There were also some liberal decisions this year. The court ruled that the EPA had to do something about global warming, and it continued to make death penalties more difficult. On balance, there has been a slight shift to the right, but not one that will offend any swing voters.

    Saturday, Jul 07, 2007
    Supremacist Update
    John sends these updates on judicial supremacy. Here, here, and here.
    Now back to Professor Epstein. Not a word about the separation of powers from him. Epstein argues that Flast should be converted from an exception into a universal principle of taxpayer standing, which would anoint us all as private attorneys general to make a federal case out of any complaint we might cook up that this or that act of Congress or action of the executive branch was unconstitutional. "The proper rule should allow all taxpayers free rein to challenge either Congress or the executive branch for overstepping their constitutional authority." Frothingham, therefore, was the real innovation, and a mistaken one, in Epstein's view.

    This is a breathtaking argument for judicial supremacy. (And Epstein has the nerve to accuse Justice Scalia of "judicial activism"!) For Epstein, it is evidently hard to think of any way to uphold the Constitution that doesn't involve lawyers and judges ...

    A lot of law profs are judicial supremacists, but the US Constitution treats the three federal branches as equally responsible to uphold the Constitution.
    The greatest imaginable tragedy
    NY Science Times reports:
    "Nothing," the report concluded, "would be more tragic in the American exploration of space than to encounter alien life and fail to recognize it."
    The report is referring to some sort of primordial pre-life that wouldn't even be recognized on Earth.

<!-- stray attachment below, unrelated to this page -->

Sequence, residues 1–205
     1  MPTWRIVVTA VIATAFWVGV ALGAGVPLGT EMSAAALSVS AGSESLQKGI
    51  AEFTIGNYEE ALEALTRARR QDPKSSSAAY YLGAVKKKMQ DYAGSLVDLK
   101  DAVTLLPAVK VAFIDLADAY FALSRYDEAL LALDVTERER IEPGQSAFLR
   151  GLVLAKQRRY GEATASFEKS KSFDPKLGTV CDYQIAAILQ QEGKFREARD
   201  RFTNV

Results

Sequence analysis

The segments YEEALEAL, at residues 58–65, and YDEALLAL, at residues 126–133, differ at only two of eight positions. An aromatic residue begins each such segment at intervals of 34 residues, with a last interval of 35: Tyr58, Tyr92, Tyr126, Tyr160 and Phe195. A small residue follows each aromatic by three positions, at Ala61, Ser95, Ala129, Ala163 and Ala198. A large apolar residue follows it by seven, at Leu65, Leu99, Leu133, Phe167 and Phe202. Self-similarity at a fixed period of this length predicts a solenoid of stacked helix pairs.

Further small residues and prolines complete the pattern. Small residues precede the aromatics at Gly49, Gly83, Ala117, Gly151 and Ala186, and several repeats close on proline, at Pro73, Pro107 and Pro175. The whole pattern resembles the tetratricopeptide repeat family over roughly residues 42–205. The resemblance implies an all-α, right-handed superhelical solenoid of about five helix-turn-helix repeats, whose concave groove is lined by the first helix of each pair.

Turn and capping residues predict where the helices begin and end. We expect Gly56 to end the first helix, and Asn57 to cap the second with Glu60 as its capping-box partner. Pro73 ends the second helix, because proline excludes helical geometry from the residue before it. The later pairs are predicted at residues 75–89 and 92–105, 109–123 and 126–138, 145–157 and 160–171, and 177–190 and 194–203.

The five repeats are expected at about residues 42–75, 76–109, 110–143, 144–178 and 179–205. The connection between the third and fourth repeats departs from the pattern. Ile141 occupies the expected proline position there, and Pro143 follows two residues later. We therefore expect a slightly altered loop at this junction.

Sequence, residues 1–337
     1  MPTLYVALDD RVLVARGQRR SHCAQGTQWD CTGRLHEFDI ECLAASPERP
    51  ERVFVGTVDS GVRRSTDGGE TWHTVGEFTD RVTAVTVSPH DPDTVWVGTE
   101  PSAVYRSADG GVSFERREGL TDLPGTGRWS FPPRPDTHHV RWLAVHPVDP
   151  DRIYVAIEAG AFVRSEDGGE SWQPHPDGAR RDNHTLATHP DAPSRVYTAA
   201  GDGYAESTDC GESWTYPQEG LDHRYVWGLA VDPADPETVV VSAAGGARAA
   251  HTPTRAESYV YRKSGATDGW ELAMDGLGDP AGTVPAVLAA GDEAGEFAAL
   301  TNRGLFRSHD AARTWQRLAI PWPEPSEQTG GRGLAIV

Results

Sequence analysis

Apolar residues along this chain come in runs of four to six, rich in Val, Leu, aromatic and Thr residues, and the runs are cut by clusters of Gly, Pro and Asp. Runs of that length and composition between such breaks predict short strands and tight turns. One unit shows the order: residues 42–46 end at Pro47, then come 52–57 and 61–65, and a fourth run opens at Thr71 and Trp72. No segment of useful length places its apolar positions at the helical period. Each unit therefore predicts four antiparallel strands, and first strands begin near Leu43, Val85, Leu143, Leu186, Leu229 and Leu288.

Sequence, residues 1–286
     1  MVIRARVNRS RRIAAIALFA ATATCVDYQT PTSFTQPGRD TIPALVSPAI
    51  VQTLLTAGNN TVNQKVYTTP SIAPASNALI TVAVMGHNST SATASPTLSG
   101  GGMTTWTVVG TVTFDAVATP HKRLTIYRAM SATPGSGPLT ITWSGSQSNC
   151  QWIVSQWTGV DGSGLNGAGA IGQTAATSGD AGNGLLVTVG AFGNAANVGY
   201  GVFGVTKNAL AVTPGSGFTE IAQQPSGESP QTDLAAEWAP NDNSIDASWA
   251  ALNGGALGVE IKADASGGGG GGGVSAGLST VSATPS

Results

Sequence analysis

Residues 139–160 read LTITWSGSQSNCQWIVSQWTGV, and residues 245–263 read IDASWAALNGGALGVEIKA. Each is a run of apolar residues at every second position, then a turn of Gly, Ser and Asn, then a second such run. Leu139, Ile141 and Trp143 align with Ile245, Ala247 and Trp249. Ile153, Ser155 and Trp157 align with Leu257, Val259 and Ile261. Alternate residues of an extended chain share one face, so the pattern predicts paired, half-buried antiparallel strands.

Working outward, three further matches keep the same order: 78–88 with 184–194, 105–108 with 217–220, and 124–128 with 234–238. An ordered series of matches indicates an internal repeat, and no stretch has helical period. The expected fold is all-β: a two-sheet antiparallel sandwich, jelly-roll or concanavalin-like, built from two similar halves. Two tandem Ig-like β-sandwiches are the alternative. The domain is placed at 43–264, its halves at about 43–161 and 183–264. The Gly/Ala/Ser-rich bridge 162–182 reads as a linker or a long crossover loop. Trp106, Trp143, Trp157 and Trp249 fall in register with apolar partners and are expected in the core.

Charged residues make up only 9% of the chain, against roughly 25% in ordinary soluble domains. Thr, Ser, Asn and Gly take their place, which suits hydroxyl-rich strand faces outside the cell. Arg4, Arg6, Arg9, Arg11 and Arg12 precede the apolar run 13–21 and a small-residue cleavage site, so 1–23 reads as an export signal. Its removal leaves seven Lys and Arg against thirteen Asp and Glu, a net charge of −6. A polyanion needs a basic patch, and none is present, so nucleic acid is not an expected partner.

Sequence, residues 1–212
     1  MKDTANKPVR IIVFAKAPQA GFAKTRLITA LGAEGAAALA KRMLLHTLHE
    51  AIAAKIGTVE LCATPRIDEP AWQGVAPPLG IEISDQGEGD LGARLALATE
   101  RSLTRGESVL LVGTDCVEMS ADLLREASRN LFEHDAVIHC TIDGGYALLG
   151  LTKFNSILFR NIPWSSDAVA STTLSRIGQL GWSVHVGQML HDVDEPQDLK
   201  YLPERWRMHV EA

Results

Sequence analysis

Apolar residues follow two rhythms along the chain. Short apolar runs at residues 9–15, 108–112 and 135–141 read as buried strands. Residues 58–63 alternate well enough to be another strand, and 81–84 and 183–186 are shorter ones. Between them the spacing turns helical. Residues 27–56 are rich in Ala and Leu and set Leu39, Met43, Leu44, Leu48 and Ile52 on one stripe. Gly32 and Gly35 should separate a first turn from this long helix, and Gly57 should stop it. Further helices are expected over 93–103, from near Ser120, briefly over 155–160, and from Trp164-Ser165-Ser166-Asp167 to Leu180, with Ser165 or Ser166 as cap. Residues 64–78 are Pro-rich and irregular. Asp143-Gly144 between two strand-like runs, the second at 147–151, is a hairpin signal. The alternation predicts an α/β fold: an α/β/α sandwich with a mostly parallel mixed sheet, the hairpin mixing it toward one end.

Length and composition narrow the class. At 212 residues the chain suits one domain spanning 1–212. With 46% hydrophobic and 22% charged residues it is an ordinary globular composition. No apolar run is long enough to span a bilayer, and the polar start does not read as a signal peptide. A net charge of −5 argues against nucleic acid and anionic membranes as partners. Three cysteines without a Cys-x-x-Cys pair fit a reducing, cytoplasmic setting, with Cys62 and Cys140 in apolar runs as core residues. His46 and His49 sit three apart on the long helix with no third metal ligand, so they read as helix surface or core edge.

Friday, Jul 06, 2007
    Lawyer price-fixing
    Someone just told me that price-fixing is the reason people want to avoid probate. There is a law that says that a lawyer gets to pocket a percentage of the value of a dead man's estate, regardless of how little work is involved. That is one reason people put money into trusts -- just to avoid greedy lawyers stealing their money when they are dead.

    Thursday, Jul 05, 2007
    Catastrophic global warming is a hoax
    The Bad Astronomer writes:
    Global warming is a very contentious issue. A lot of this is because some people with partisan views have purposely tried to confuse the issue. It's a fact of life that corporations put a lot of money in some politicians' pockets, and it's another fact that a lot of politicians -- I'm looking at you, Senator Inhofe (R-19th Century) -- have made baldly incorrect statements and have obstructed real debate about the issue.

    It's also a fact that this issue was at first denied by such politicians; they said global warming didn't exist (Inhofe called it a "hoax").

    No, it is not a fact.

    Sen. Inhofe's famous 2003 Senate speech actually said:

    It is my fervent hope that Congress will reject prophets of doom who peddle propaganda masquerading as science in the name of saving the planet from catastrophic disaster. I urge my colleagues to put stock in scientists who rely on the best, most objective scientific data and reject fear as a motivating basis for making public policy decisions.

    Let me be very clear: alarmists are attempting to enact an agenda of energy suppression that is inconsistent with American values of freedom, prosperity, and environmental progress.

    Over the past 2 hours, I have offered compelling evidence that catastrophic global warming is a hoax. That conclusion is supported by the painstaking work of the nation's top climate scientists.

    He didn't call global warming a hoax; he offered scientific evidence that catastrophic global warming was a hoax.

    It is really pathetic when the leftist science bloggers have to misquote politicians in order to criticize them. Just quote them correctly, and give the contrary evidence!

    Tuesday, Jul 03, 2007
    Dawkins attacks Behe